Until all voices are equal, we must operate within a context of historicized ethics which consciously privileges the insurrectionary and dissenting voices, sometimes at the minor cost of silencing those voices which have been permitted dominant status for the past centuries.
The Australian Attorney-General George Brandis recently stated: “In a free country people do have rights to say things that other people find offensive or insulting or bigoted.”
Aside from the customary name-calling, what exactly is a bigot? Merriam-Webster defines bigot as a “person who strongly and unfairly dislikes other people and/or their ideas”. And bigotry is the state of mind of a bigot. A state of mind is not an illegal action. One can have the state of mind of wishing to poison one’s neighbour’s incessant barking dog but until it becomes an action, it is not a crime. To try to legislate against a state of mind is a slippery slope.
The name “Skokie” comes from a Potawatomi word for marsh. A suburb of Chicago, the area was originally settled by immigrants from Germany and Luxembourg. Its previous main claim to notoriety was in 1934 when the bullet-riddled body of the twenty-five-year-old gangster Baby Faced Nelson was discovered in a ditch on the outskirts of the town.
By 1977, Skokie had the highest concentration of Holocaust survivors and their direct descendants in any single town in America—over 7000 people trying to live together peacefully in a community of others like themselves with shared traumatic war experiences, far from the spotlight of mainstream American culture.
The National Socialist Party of America (NSPA), led by Frank Collin, picked Skokie for its march deliberately for the media attention it would provoke. Collin was looking to increase membership. What better way to do it than a big demonstration through this concentrated Jewish sanctuary, carrying their swastikas high, with their actions shielded firmly behind the US First Amendment right of free speech?
Collin and his Nazis enlisted the help of ACLU attorney David Goldberger, who ironically was a Jew. Goldberger saw it as a matter of principle and a case to demonstrate that the law should not be prejudicial. The ACLU agreed to defend Collin and his marchers pro-bono. As a result 30,000 members of the ACLU, many of them Jewish, resigned in protest.
Many members of the Skokie community at first wanted to respond by “quarantine” or no-reaction, but Sol Goldstein, a Holocaust survivor, organised a counter-demonstration against the neo-Nazis should they attempt to come into their town. The American Nazis claimed rights to march under free-speech laws as protected by the Constitution, while Jewish citizens argued for their right to live without intimidation from assaultive speech.
Assaultive speech, under Chaplinsky v New Hampshire, was not protected under the US First Amendment. Assaultive speech is speech which:
may inflict injury by its very utterance … of lewd or profane or fighting words. There is such a thing as verbal violence, a kind of cursing, assaultive speech that amounts to almost physical aggression, bullying that is no less punishing because it is simulated.
The Skokie townspeople managed to win a temporary court injunction blocking the demonstration but the ACLU appealed the decision to the Supreme Court and successfully defended the Nazis’ right to proceed. Judge Bernard Decker ruled:
It is better to allow those who preach racial hate to expend their venom in rhetoric rather than to be panicked into embarking on the dangerous course of permitting the government to decide what its citizens may say and hear.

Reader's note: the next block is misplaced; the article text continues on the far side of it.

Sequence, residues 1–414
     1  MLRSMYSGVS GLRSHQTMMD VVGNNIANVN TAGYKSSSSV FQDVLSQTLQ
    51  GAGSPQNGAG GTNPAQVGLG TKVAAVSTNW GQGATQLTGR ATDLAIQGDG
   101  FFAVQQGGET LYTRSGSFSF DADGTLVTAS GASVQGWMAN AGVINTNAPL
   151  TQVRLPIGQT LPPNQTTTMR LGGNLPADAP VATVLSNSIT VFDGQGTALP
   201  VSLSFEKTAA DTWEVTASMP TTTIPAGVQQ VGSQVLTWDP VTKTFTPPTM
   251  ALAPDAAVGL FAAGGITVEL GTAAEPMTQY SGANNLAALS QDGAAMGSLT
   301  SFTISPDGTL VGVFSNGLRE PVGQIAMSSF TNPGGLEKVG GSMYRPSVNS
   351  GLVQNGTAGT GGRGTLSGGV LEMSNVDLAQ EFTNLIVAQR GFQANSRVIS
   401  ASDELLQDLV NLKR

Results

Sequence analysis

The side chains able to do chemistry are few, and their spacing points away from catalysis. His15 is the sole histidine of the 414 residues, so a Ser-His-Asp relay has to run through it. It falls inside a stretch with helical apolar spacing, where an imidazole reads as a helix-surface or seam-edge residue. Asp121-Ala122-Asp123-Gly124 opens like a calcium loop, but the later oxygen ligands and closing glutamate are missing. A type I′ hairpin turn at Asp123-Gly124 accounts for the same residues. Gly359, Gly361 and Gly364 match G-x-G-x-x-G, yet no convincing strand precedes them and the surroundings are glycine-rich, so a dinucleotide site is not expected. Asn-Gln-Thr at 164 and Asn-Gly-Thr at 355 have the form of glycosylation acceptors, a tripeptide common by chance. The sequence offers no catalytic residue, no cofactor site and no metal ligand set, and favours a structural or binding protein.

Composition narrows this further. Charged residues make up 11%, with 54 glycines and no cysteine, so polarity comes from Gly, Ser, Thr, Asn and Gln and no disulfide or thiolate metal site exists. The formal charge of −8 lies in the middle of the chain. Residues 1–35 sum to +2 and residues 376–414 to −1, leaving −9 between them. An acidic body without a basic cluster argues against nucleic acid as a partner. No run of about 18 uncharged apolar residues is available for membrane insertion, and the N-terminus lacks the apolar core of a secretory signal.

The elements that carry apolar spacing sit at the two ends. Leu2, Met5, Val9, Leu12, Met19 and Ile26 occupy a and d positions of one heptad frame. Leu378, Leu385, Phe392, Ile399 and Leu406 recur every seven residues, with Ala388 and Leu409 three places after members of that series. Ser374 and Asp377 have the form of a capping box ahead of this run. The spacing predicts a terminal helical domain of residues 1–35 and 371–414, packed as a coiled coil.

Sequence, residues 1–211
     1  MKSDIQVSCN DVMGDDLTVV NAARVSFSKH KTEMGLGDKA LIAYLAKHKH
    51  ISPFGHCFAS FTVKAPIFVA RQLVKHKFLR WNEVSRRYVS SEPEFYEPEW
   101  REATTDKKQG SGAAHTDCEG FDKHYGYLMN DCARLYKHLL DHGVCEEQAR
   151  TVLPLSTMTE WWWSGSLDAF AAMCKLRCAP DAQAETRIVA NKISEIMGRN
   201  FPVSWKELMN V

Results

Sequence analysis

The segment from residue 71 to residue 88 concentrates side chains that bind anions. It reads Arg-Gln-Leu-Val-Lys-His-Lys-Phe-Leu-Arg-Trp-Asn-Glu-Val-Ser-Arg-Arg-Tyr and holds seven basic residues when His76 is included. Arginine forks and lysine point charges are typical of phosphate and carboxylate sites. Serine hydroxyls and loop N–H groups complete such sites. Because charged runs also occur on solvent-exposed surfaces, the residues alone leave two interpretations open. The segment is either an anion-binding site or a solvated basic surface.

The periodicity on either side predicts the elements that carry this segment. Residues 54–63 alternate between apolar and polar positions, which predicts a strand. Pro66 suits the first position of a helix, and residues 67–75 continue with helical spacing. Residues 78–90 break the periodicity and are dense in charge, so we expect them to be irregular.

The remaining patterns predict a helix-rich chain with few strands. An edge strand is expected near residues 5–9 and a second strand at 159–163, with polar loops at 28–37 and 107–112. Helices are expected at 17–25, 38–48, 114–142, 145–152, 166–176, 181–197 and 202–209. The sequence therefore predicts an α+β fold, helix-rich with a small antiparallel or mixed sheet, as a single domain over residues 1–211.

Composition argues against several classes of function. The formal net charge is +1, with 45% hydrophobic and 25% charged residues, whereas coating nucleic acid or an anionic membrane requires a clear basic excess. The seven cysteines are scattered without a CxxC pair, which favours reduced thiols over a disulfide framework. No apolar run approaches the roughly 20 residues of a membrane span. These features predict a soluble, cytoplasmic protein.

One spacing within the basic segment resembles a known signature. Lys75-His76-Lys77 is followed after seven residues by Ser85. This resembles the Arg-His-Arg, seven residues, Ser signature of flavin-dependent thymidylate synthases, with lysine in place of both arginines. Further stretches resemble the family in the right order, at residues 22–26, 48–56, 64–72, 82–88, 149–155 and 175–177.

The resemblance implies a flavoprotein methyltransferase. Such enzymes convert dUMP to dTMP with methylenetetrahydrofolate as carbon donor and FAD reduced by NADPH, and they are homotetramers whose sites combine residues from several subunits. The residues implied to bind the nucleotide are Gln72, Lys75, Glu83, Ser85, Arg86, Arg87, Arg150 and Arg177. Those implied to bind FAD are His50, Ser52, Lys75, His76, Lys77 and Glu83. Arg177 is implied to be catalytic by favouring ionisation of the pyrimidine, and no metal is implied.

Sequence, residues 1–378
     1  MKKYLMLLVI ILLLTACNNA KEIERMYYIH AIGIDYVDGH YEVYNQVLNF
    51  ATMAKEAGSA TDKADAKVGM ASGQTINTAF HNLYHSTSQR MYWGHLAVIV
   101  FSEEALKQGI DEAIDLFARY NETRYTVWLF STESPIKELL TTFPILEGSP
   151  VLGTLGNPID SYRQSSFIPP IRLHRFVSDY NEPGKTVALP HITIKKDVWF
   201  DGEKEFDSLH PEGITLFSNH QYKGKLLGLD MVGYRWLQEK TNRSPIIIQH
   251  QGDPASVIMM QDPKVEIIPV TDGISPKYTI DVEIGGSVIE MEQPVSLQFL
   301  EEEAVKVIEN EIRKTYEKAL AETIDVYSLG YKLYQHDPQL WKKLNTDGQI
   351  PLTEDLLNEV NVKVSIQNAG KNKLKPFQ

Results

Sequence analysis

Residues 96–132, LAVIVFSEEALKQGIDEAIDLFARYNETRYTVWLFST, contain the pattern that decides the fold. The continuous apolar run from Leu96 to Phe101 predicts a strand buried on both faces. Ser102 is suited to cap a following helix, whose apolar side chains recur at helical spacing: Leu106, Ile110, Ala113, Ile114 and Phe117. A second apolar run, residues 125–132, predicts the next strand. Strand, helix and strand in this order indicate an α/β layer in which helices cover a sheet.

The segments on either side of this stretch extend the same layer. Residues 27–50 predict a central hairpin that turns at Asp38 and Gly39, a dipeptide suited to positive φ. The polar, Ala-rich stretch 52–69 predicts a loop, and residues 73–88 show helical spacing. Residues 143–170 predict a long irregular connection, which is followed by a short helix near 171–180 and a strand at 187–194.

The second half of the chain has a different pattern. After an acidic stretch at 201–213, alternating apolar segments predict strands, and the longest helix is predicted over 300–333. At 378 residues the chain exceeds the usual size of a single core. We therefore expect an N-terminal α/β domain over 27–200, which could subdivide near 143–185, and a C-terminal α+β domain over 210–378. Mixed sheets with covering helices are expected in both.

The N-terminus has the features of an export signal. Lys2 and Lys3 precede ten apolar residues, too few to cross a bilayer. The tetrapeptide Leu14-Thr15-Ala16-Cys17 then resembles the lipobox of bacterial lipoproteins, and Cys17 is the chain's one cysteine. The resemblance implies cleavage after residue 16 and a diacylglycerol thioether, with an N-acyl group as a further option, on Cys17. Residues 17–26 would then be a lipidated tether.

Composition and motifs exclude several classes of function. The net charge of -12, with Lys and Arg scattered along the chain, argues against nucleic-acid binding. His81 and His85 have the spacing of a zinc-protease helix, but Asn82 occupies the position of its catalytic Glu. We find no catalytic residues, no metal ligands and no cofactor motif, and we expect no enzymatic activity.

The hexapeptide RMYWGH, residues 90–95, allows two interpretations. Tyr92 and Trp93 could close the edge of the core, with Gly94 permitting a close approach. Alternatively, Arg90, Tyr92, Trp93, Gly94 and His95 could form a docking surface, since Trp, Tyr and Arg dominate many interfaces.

But the bonds of the Jewish community of Skokie were stronger with each other than their bonds with outside culture and its free-speech laws. Intimidated by the avowed counter-demonstration and certain violence of the greater numbers of angry and determined Skokie residents, and cognisant that he had now achieved his promotional aims for the party, Frank Collin announced he would be willing to drop the Skokie march if his members were allowed to demonstrate instead in Chicago, where Collin was born. Permission was granted for the march to take place in Marquette Park. On the day of the demonstration, a total of twelve Nazis showed up.
In supreme and surreal irony, Frank Collin, whose original family name was discovered to be Cohn (or Cohen), was later exposed as being the son of a Jewish Holocaust survivor himself. A psychiatric evaluation at the time suggested that Collin was so consumed by hatred for his father that in rebellion he became a neo-Nazi and anti-Semite. Pictures linking Collin to pedophilia were subsequently found in his desk by members of the National Socialist Party, and turned over to the police. Collin pleaded guilty to homosexual child molestation and served seven years in Joliet and Menard prisons. When he was released, avowing he was a new man, he became a “pagan” and, under the pen-name “Frank Joseph” a writer of New Age works about Atlantis.
A television movie, Skokie, was made in 1981, directed by Herbert Wise and starring Danny Kaye, Eli Wallach and Brian Dennehy. Later a book, When the Nazis Came to Skokie, won an honourable mention in the American Bar Association’s 2000 Silver Gavel Award for outstanding efforts to foster public understanding of the law.
Holocaust deniers are always raised as the ultimate warning whenever someone supposedly green-lights freedom for racist and bigoted speech. But Holocaust deniers do exist. So what? Andrew Bolt has expressed the view that Holocaust denial should be debated into silence, not legislated. Jewish community leader Mark Leibler thinks the “offence” provision of the Race Discrimination Act should go.
Many people deny God exists. Once those people would have been burned at the stake. Now we just call them atheists. It is said jokingly that even atheists have a spiritual help line: you ring it—and no one answers. Maybe bigots should simply have their own help line, so they can ring it and scream at someone who is not like them.
Louis Brandeis, an Associate Justice of the US Supreme Court, with regard to the implications of allowing bigoted and racist speech the right to be heard, said:
Fear of serious injury cannot alone justify suppression of free speech and assembly. Men feared witches and burnt women. It is the function of free speech to free [us] from the bondage of irrational fears.
Joe Dolce’s poetry and song lyrics appear frequently in Quadrant, including this issue.